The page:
Oh man folks, around here the days are long and getting longer by the week. We are 32 days out from D-day and I am getting antsy and tired and quite frankly, really cranky.
I've hit that stage where it is all but impossible for me to get comfortable. My belly is so low that it pokes out of even the most forgiving maternity shirts. My walk is way worse than a waddle - it's more like a double limp.
I am ready to get this show on the road. But alas, I'd prefer my baby to wait until closer to her due date to make her big arrival. Let's beef up that little brain some more.
In the meantime, I am trying to find ways to pass the days other than boring chores and napping [which I am allowing myself at every whim when Vivi's schedule permits].
The pregnant brain is a funny creature. The hormones make my thinking so cloudy that even cooking a basic recipe can cause me to lose my mind.
Focus is difficult. I often feel easily distracted from general tasks and find myself daydreaming of nesting feats that cannot be achieved at this time [like completely throwing my living room furniture to the curb and pulling an Emily Henderson-style weekend makeover].
Writing this post right now is like watching a three year who's opened too many Christmas presents. Distraction reigns supreme.
However, creative release has been my savior these past few weeks - creating something for the sake of creation rather than for a strategic objective.
These bangles literally saved me from myself last week.
As I sat in the sunlight at our dining room table, I created with intuition. What color did I feel like using? Oh, glitter sounds fun.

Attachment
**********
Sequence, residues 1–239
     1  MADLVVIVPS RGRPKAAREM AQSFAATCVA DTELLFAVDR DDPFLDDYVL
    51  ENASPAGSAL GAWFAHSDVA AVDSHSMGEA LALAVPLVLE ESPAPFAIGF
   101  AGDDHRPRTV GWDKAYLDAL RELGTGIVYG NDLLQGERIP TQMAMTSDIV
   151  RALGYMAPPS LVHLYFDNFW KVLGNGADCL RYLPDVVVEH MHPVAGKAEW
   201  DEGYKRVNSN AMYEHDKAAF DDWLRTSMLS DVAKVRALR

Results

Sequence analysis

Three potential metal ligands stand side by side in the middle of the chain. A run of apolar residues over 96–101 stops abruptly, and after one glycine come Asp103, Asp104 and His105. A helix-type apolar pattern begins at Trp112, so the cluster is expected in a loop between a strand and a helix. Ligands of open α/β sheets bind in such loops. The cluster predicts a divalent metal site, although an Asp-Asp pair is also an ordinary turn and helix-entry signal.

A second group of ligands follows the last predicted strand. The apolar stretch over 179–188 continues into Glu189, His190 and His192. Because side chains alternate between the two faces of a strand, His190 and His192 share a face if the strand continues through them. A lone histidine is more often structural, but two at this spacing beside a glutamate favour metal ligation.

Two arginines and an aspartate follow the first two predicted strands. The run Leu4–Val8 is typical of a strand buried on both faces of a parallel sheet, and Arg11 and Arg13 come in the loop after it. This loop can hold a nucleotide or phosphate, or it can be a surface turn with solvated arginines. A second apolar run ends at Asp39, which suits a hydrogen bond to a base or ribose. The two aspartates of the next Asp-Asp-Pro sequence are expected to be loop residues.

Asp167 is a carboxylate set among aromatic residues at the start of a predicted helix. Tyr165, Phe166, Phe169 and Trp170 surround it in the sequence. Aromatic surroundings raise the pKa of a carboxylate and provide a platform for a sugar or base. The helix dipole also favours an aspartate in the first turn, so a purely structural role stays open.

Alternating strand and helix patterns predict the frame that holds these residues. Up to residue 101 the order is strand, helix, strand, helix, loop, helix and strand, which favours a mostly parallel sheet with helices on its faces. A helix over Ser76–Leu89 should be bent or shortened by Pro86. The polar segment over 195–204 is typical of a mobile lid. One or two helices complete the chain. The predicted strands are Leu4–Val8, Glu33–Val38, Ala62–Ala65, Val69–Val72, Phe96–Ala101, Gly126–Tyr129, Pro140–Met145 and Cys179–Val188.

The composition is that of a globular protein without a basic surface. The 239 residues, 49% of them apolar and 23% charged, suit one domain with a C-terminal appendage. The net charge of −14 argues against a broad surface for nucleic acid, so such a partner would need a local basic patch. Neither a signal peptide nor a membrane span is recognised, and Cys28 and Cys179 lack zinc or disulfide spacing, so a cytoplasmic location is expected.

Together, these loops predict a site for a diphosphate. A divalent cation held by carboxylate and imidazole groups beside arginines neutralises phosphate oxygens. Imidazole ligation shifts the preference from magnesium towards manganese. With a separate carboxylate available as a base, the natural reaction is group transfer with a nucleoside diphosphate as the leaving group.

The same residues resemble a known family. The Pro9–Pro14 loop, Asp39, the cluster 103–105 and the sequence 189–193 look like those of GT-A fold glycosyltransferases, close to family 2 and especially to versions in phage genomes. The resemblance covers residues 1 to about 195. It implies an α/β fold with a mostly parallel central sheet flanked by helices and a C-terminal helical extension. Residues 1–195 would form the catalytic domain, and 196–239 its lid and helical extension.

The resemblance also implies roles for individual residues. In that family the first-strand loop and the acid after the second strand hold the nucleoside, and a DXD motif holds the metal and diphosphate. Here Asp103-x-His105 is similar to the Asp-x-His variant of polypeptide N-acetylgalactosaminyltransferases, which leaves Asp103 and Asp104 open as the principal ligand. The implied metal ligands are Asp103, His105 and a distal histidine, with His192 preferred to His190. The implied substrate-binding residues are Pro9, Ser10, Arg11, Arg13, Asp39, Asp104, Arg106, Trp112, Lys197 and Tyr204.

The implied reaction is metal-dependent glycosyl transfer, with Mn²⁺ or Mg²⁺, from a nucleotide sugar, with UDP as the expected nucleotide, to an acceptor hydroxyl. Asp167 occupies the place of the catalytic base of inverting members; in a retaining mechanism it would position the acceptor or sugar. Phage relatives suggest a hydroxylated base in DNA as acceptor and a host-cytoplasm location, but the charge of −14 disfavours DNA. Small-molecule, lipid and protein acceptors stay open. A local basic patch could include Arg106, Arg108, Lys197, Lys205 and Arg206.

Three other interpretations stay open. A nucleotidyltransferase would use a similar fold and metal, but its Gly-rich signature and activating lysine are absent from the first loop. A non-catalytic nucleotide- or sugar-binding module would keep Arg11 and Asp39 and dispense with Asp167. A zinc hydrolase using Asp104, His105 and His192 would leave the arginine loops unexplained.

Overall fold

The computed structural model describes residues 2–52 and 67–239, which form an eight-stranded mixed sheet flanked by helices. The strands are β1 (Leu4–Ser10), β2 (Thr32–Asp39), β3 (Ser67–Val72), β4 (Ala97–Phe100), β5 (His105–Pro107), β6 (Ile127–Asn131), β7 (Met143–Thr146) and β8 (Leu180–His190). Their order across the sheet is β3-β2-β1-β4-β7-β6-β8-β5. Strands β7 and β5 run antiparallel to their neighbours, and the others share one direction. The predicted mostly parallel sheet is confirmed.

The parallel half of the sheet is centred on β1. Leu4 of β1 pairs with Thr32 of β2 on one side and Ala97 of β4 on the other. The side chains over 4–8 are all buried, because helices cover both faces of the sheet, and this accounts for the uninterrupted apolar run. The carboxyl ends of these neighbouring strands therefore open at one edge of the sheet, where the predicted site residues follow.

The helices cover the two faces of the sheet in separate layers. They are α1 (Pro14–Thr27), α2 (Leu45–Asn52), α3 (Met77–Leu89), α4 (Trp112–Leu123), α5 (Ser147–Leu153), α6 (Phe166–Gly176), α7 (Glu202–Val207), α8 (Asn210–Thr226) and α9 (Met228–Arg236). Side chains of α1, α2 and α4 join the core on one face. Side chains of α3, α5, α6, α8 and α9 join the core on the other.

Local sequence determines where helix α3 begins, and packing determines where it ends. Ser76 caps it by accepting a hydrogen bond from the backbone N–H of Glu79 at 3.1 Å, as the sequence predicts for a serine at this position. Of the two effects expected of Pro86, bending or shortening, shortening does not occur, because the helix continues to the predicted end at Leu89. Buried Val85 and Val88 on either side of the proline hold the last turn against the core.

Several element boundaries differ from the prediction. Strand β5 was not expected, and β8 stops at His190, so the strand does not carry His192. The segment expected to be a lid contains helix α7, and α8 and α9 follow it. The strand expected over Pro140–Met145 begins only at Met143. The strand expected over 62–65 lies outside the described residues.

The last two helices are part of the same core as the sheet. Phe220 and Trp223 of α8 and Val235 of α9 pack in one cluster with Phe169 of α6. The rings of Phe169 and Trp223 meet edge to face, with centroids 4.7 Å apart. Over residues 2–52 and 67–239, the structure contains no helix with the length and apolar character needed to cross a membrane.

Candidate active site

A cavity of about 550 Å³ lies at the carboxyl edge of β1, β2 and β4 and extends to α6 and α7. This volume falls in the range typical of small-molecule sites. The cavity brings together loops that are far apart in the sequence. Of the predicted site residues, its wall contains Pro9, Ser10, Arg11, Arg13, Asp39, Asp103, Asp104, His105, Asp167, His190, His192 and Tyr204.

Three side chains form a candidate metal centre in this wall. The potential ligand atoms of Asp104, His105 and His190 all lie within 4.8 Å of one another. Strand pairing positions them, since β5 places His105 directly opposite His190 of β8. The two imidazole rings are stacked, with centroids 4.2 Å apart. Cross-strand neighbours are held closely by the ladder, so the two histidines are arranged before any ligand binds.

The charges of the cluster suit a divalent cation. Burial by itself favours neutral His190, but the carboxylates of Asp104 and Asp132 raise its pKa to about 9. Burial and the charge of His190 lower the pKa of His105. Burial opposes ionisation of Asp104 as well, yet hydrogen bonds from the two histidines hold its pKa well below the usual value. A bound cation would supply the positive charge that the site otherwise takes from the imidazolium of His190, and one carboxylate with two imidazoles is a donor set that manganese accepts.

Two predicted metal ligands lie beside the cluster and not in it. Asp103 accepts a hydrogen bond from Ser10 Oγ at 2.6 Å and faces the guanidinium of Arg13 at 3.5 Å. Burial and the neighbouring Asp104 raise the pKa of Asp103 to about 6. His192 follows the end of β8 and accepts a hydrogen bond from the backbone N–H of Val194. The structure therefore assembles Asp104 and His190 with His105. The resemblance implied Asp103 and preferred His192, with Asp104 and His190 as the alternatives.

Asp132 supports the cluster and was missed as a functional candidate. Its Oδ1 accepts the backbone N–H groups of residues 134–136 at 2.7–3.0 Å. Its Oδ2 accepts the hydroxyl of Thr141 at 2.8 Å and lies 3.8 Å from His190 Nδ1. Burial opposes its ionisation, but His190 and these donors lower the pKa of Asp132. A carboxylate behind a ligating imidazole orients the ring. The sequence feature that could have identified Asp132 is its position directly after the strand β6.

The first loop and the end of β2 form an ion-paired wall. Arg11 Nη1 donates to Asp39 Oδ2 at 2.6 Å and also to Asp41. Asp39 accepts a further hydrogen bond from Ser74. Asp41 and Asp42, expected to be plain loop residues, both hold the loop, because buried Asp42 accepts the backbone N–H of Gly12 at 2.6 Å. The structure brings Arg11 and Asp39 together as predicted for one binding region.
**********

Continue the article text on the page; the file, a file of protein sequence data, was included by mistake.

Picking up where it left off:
Towards the end of the process, I decided I wanted highlight more wood grain so off to the Home Depot for some natural wood stain.
I love the way each bangle turned out unique yet coordinated with the set. I'm also so satisfied with my gut's choice of the Martha Stewart White Gold fine glitter. I'm normally a gold gal, but that warm silvery metallic was whispering sweet nothings into my ear. I couldn't avoid it's pull.
Natural-toned wood stain
Mod Podge (I used the glossy formula)
Wooden bangles with a dome exterior (I purchased mine from DIYBangles.com)
Small painter's brush
Following the directions given on the stain container, stain each bangle. I found the bangles to be very smooth, so I did not sand. I simply wiped the bangles with a clean dry cloth to remove any dust particles prior to starting. Allow to dry for a few hours before continuing.
Using the painter's tape, tape off sections of the bangle for the craft paint. I found an angled look to be the most fluid with the curve of the bangle, but if stripes are more your style, I say go for it!
Using a foam brush, paint the taped off sections with craft paint and allow to dry. Lighter colors may need a few separate coats.
Once you're happy with the coverage of paint on the bangle, choose a section on the bangle for glitter and tape off.
Brush this new section with Modge Podge and shake, shake, shake what your mama gave you - uh, I mean glitter. I did this over a small metal pan with a piece of cardstock at the bottom. Any glitter that did not stick was poured back into the container with the cardstock. Again, allow to dry.
If you see any bald spots in your glitter, repeat step 5 once the glue has dried.
To seal the glitter portion, brush on a thin coat of Modge Podge over the glitter section only. If you try to seal the entire bangle without sealing the glitter first, it can drag pieces of glitter onto the non-glittered parts of the bangle.
Finally, seal the entire bangle in one more coat of Modge Podge for protection.
These bangles are fun to make and more importantly, fun to wear. And ahem, Christmas is just around the corner. Which one of your girlfriends wouldn't love to open a bow-tied box of these? I'm just saying.
This post appeared first on Everyday Enthusiastic. All ideas in this post are of my own opinions including any mention of companies and/or affiliate sites. No sponsorships were involved in the creation of this post. Photographs taken by Meredith Wheeler using a DSLR Canon Rebel T3 and edited using Photoshop CC.